Five Things Every Parent Should Know Before Choosing a Dance Studio
If most dance studios seem to have qualified, friendly teachers, experience teaching children, and a big show at the end of the year, aren’t they all pretty much the same? Does it really matter which place you decide to enroll your child? The answer: Yes. There are five main things that can make a huge difference in the quality of instruction your child receives, the amount of extra work and hassles parents must deal with, and the overall enjoyment and satisfaction of being involved in a dance program.
1. Can I observe my child’s class?
It is important to support your child by being aware of his or her progress, and it is comforting to know exactly what takes place in the classroom. Some dance studios do not allow parents to observe class at all. This poses a disadvantage to families by considerably reducing the opportunity for parents to see their child’s growth. Additionally, parents pay for the lessons, so they should have the opportunity to see their dancer. Other studios allow parents in the classroom for each dance lesson. This classroom traffic can be a distraction to both students and teachers, and, ultimately, reduces the quality of the learning environment. So, how can you watch the dance class without disrupting the classroom?
Through the use of our unique video observation system, we encourage parents to view their child’s classes. At Caledonia Dance Center, one or more cameras are set up in each of our three studios. These cameras are specially wired to a video monitor, which operates in our waiting area. Parents are able to observe their child, the instructor, and other classes all from our reception area without interrupting class progression.
2. What type of dance floor is used?
Dance is a very physical activity that requires a lot of jumping, which can put stress on bones and joints. Most dance footwear does not provide any cushioning or support, so the shock of dance movements can place a lot of pressure on the knees and back of a dancer. The best way to prevent potential injury is by choosing a studio with either a professional hardwood or “floating” floor.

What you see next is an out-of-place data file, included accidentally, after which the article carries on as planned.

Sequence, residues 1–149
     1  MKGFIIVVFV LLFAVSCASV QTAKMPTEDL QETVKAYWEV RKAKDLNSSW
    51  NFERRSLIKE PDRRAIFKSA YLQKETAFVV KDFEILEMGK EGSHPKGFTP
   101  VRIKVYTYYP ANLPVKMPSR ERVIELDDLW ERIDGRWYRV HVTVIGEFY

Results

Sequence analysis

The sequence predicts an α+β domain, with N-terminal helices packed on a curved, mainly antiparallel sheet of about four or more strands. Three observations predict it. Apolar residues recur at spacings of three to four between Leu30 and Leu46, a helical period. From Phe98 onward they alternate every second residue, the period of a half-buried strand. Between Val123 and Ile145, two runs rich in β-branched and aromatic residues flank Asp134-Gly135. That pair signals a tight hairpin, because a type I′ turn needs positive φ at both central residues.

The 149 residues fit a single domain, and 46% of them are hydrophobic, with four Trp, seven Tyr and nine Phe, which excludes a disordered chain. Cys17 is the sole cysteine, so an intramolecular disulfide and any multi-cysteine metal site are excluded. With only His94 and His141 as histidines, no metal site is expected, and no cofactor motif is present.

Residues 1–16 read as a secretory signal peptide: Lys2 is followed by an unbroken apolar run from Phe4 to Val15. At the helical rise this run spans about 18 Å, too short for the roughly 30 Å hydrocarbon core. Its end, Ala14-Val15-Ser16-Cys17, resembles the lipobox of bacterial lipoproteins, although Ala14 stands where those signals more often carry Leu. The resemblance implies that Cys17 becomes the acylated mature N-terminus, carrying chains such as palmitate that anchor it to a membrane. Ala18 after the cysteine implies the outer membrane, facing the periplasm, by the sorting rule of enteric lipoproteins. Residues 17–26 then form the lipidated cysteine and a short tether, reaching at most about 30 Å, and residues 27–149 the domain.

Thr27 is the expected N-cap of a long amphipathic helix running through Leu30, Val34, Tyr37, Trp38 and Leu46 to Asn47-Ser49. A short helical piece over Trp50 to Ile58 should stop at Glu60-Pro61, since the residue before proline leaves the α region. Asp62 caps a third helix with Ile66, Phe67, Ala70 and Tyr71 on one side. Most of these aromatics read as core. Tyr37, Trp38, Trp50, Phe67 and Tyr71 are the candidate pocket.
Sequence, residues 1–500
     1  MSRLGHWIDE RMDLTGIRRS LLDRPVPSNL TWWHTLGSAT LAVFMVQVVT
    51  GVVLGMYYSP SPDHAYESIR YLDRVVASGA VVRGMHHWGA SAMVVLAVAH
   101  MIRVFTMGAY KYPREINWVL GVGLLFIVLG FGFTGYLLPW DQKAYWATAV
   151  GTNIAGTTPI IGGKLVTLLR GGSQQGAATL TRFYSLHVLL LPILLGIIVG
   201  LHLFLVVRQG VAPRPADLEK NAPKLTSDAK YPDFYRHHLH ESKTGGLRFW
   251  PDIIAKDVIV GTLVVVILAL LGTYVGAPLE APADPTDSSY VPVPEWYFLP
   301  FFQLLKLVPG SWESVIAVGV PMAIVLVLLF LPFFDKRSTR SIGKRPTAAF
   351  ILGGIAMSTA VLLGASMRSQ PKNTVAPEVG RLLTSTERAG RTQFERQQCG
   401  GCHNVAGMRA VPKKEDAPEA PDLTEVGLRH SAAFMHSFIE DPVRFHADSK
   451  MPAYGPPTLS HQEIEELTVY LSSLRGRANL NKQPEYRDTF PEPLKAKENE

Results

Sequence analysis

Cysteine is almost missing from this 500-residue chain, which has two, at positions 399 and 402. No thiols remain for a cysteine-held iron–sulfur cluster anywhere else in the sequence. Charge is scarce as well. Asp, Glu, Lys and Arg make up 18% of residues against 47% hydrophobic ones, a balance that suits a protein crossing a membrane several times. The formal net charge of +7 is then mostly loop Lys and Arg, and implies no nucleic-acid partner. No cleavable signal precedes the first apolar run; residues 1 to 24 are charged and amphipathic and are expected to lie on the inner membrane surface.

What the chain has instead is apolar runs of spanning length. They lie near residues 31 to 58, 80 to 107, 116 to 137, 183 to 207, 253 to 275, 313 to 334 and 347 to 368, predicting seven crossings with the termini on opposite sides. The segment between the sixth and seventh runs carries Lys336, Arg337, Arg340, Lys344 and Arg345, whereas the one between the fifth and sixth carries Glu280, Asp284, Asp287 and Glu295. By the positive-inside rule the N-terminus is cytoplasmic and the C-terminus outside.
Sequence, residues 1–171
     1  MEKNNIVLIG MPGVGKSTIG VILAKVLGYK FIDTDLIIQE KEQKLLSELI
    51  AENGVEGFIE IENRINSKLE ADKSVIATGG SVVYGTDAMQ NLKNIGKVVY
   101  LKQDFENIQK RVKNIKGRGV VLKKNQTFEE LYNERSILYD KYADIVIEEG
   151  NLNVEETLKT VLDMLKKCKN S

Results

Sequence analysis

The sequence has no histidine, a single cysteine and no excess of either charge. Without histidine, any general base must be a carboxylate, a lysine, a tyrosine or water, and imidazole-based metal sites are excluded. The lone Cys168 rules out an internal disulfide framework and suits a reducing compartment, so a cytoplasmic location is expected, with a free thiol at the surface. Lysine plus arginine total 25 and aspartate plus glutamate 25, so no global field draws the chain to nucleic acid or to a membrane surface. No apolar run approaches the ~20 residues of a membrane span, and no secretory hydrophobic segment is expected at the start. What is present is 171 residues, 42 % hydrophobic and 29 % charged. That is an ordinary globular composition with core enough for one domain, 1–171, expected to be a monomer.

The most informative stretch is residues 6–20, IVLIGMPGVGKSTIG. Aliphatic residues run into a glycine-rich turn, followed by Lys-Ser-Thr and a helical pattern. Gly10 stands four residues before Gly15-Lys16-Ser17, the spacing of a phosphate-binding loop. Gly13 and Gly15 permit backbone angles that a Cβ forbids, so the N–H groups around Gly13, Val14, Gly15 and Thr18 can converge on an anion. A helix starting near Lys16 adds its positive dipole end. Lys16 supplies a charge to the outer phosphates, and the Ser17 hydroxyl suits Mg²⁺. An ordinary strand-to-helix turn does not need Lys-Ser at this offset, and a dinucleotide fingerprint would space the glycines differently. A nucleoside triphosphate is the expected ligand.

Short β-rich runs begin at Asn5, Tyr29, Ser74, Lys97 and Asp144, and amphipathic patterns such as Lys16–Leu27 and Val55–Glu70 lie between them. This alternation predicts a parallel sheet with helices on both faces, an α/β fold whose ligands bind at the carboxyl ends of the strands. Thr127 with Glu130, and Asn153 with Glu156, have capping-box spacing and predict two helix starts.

A floating floor is a dance floor that rests on a system of high-density foam to absorb the shock of jumping. A high-density foam base is superior to a “sprung” floor, which usually consists of a wood structure built on the regular floor. The top layer of the floating floor is also an important factor. A vinyl composite “marley” floor is accepted worldwide as the ideal surface layer for recreational and professional dance. Facilities such as the Royal Winnipeg Ballet and Riverdance – The Touring Show use marley floors as their dance surface. A marley floor is not slippery, but still allows dancers to slide with a degree of “controlled slip.” With this type of floor, there is less risk of slips and falls. Very few studios use professional marley floors because of the expense involved, and usually opt for a regular floor tile for a studio floor.
A professional hardwood floor is a one-of-a-kind dance surface due to the huge expense involved in building a wooden dance floor. Like a floating floor, our hardwood floors are designed to give way as downward pressure is exerted, thus reducing fatigue and helping prevent injuries.